Interestingly the Inuits have a diet which is pretty much just meat and they - apparently - are extremely healthy. when they start to incorporate other foods into their diet they have a tendency to become diabetic.

Douglas said...

3000 years ago we knew nothing about nutrition. 150 years ago, we didn't understand what vitamins were or why we needed them. The inuits supplement their meat diet with berries and something known as fireweed. In other words, it is not an entirely meat diet. They also have a balance of fish and meat we do not normally eat which may add nutrients we would otherwise get from other sources.
There are a number of factors involved which I won't get into but would recommend you Google "inuit diet" and do some reading.

Nothing is quite as simple as it seems. Or as some would like us to believe.

LittleJ said...
This comment has been removed by the author.
LittleJ said...

How many times have I had this very same argument with people in my year... or the honey debate...

What I hate more is being made to feel guilty when people get on my case for not eating meat. Or when they get upset about the fact that I am not totally upbeat about going to a restaurant that I know full-well has nothing on the menu that I would be okay with eating... like a steakhouse. Or when people share food with me, conveniently 'forgetting' to tell me that it has meat products in it, then having this humongous smile on their face after I have tasted it.

Oh, actually, what I hate more is going to a restaurant and ordering something that is supposed to be veggie/vegan, and then tasting it and realizing that it has been cooked with beef/in beef broth/has egg in it.

No, more than this, what I despise is people assuming that I don't eat meat because I am pro-animal/anti-fur, and then looking at me expectantly when they get into THAT argument. No, TOK debaters, I am NOT taking your side.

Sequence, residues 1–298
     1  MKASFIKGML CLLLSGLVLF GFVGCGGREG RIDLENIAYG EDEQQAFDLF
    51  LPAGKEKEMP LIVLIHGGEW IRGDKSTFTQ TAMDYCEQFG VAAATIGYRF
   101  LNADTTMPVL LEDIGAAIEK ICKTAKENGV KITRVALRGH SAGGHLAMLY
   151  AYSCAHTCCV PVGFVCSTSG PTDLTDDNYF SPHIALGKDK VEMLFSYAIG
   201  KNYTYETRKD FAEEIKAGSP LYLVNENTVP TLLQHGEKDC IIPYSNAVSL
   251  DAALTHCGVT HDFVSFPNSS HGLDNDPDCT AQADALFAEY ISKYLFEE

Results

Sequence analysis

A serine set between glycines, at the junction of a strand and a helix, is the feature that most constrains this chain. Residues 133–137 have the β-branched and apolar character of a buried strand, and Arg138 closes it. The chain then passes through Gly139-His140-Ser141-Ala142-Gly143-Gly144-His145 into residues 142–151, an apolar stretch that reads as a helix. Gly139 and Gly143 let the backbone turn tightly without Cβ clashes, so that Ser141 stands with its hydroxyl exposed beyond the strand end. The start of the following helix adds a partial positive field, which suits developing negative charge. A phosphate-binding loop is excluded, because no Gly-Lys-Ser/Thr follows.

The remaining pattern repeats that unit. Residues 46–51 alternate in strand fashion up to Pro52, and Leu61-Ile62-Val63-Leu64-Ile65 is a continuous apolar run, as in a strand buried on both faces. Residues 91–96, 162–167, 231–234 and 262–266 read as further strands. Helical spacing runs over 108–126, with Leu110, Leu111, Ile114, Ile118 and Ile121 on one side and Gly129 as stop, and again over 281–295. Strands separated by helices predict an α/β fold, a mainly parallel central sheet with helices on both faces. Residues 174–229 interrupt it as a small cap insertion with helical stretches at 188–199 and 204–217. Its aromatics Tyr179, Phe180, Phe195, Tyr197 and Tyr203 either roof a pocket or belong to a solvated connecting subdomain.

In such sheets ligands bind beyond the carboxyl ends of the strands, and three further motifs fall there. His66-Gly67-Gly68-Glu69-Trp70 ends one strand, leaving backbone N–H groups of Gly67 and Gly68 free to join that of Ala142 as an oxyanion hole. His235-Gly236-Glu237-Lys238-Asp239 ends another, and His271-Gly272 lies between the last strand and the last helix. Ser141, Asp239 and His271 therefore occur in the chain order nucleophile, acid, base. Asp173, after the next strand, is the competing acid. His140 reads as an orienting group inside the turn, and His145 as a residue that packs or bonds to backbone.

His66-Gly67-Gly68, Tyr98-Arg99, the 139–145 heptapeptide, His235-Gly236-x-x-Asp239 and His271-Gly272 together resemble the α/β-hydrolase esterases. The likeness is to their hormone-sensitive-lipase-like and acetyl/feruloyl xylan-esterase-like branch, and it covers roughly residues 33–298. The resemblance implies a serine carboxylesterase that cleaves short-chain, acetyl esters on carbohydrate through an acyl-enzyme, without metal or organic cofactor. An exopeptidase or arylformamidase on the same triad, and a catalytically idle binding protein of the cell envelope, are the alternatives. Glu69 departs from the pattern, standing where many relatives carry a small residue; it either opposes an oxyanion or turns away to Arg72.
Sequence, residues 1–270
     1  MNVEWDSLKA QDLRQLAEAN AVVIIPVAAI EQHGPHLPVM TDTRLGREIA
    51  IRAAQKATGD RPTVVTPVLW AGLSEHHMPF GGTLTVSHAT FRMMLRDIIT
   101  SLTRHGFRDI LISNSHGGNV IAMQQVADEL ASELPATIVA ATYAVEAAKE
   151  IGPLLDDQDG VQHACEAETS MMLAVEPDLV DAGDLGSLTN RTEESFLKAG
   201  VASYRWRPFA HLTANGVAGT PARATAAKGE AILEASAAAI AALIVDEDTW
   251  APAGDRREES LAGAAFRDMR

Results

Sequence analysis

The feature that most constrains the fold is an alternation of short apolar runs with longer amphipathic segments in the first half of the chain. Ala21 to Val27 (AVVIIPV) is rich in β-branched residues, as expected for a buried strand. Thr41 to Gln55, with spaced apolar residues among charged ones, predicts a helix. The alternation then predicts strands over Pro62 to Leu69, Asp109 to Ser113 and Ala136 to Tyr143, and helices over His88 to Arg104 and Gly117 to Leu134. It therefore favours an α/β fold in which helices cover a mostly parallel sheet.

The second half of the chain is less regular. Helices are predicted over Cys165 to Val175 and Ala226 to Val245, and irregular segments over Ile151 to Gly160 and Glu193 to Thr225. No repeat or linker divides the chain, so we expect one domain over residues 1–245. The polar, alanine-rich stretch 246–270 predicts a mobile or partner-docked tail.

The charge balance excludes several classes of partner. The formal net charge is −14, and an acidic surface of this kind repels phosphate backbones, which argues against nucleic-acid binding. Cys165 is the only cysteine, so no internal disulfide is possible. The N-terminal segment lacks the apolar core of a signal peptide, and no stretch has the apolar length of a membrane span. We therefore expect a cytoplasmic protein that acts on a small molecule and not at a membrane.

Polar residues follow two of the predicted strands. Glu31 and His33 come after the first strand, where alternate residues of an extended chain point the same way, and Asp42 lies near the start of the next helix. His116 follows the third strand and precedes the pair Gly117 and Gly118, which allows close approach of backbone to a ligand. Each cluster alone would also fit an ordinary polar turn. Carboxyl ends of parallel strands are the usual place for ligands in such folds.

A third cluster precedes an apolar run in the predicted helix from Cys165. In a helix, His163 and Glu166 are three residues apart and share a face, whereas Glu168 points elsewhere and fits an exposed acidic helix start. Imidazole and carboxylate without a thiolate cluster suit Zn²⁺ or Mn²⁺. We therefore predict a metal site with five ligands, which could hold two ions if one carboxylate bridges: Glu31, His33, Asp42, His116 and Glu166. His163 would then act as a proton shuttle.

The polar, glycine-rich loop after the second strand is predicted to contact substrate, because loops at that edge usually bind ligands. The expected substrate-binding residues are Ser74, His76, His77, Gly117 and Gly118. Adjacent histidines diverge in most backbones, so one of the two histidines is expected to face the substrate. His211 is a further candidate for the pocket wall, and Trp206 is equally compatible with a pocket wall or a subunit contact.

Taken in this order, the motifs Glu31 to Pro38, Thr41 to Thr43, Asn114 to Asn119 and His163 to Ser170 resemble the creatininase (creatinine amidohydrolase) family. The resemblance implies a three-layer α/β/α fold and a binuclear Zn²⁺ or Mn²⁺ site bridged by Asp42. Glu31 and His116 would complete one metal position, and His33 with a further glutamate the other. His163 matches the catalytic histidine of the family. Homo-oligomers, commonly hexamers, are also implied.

But, yes, the vegan vs. vegetarian debate is irritating too :). Wouldn't it be just that much easier if we all just ate the stinking cows.

yolanda said...

ah, i didnt know about the berries and fireweed. agreed that nothing is as simple as it seems - which is why i question standard beliefs... like 'we are omnivores' ;)

Douglas said...

It is always good to question beliefs but one should be equally (maybe more than equally) willing to question one's own beliefs before questioning another's. Omnivore merely means that a organism is not limited in diet. It does not mean the organism must eat both vegetable and meat, just that they are capable and evolved physiologically to do so. We are human beings, we have these things called self awareness and free will. Combined, these allow us to make choices which may, or may not, be in our best interests. We should not look down, or askance, at people's choices. We should also not assume that a difference of opinion about those choices is disapproval or an insult.

yolanda said...

douglas,

sorry if you felt i was questioning your beliefs. i was actually enjoying the exchange! i simply think it's possible that we originally evolved to eat fruit.

i would love to be vegetarian, but i just can't handle the hunger ;)

yolanda

Michael said...

AV: ...

Autumn: A good one for a post, that is annoying. I will keep it in mind for future entries.

Douglas: I love your conclusion. Love it, love it, love it. You win in my eyes, we are omnivores biologically. Not herbivores, not carnivores. Some of us are omnivores and vegetarian. Some of us are omnivores and non-vegetarian. Clean, clear argument.(Oh, and by the way, baby oil?)

Yolanda: I always welcome you to discuss on my blog, you know that. Although I said that Douglas won that argument, I appreciate and applaud your persistence, but more so, your open-mindedness and your contributions. (There is a guy in my class that has been an on-and-off vegetarian. Our class is waaaaaay too obsessed with it.)

Gabriel: Someone in my class gave a presentation on vegetarianism and told us about the chickens too. We are all pretty darn carnivorous though, so no, no radical ethical changes for us. Hahaha.

Liz Sedai: Good on you for holding on to your beliefs. So as long as you don't force me to stay away from meat.


Sarah: Like I said to Autumn, I'll keep those in mind if I run out of ideas in the future. You've given me plenty of ideas. :)